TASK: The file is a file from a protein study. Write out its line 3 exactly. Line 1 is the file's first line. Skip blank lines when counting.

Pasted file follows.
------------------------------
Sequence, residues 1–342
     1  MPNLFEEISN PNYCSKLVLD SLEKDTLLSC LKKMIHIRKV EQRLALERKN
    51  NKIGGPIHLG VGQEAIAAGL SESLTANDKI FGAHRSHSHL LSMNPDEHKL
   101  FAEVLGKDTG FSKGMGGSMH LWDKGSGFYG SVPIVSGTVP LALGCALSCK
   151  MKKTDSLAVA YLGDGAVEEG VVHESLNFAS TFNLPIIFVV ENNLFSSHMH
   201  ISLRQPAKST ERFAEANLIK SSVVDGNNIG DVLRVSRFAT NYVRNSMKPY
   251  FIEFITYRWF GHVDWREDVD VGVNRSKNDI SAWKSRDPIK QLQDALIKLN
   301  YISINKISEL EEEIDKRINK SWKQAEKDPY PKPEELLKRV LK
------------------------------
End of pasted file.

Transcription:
    51  NKIGGPIHLG VGQEAIAAGL SESLTANDKI FGAHRSHSHL LSMNPDEHKL